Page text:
Centrioles and Centrosomes

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Centrioles are built from a cylindrical array of 9 microtubules, each of which has attached to it 2 partial microtubules.

The photo (courtesy of E. deHarven) is an electron micrograph showing a cross section of a centriole with its array of nine triplets of microtubules. The magnification is approximately 305,000.

When a cell enters the cell cycle and passes through S phase, each centriole is duplicated. A "daughter" centriole grows out of the side of each parent ("mother") centriole. Thus centriole replication — like DNA replication (which is occurring at the same time) — is semiconservative.

Centrioles are a key feature of eukaryotic cells and presumably arose with the first eukaryotes. A few groups have since lost their centrioles:

Functions of centrioles.

Link to a page describing cilia, flagella, and the primary cilium.

The Centrosome

The centrosome

The photo (courtesy of Tim Mitchison) shows microtubules growing in vitro from an isolated centrosome. The centrosome was supplied with a mixture of alpha and beta tubulin monomers. These spontaneously assembled into microtubules only in the presence of centrosomes.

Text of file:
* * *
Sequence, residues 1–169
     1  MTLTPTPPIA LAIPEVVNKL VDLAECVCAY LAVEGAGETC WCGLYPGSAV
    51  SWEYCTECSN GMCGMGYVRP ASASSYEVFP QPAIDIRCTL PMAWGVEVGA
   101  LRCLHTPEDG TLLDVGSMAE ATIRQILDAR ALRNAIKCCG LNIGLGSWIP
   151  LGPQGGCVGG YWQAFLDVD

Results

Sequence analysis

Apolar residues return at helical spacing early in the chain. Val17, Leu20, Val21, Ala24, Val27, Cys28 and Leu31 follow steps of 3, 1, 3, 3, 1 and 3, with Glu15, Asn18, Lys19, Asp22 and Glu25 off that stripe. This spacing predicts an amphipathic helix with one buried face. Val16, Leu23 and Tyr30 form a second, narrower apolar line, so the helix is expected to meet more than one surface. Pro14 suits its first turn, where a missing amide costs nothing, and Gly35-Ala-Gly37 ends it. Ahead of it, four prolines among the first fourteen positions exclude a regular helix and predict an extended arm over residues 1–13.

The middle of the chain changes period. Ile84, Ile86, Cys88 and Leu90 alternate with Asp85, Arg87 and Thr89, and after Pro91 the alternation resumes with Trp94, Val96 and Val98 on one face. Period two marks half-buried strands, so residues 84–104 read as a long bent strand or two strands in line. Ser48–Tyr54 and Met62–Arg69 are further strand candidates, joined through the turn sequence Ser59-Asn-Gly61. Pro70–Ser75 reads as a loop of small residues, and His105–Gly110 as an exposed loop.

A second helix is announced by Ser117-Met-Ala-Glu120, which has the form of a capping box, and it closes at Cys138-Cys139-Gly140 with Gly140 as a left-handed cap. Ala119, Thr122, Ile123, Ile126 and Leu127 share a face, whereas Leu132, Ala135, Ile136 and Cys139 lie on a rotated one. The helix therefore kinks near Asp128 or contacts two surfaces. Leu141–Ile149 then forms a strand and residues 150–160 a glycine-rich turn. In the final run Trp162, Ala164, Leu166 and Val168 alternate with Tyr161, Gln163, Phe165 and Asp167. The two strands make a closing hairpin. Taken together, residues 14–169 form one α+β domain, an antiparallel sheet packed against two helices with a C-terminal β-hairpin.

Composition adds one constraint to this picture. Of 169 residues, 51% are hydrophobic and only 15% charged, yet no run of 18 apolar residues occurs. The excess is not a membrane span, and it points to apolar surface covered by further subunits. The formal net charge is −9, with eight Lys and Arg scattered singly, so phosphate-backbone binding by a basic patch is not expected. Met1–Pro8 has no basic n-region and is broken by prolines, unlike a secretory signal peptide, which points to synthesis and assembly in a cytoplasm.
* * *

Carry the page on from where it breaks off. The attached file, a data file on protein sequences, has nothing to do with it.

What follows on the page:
Spindle fibers have three destinations:

All three groups of spindle fibers participate in

Other Functions of Centrosomes

In addition to their role in spindle formation, centrosomes play other important roles in animal cells:

Centrosomes and Cancer

Cancer cells often have more than the normal number of centrosomes. They also are aneuploid (have abnormal numbers of chromosomes), and considering the role of centrosomes in chromosome movement, it is tempting to think that the two phenomena are related.

Mutations in the tumor suppressor gene p53 seem to predispose the cell to excess replication of the centrosomes.

Chromosome movement in mitosis also involves polymerization and depolymerization of microtubules.

Because the hallmark of cancer cells is uncontrolled mitosis, both vincristine and Taxol are used as anticancer drugs

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15 June 2015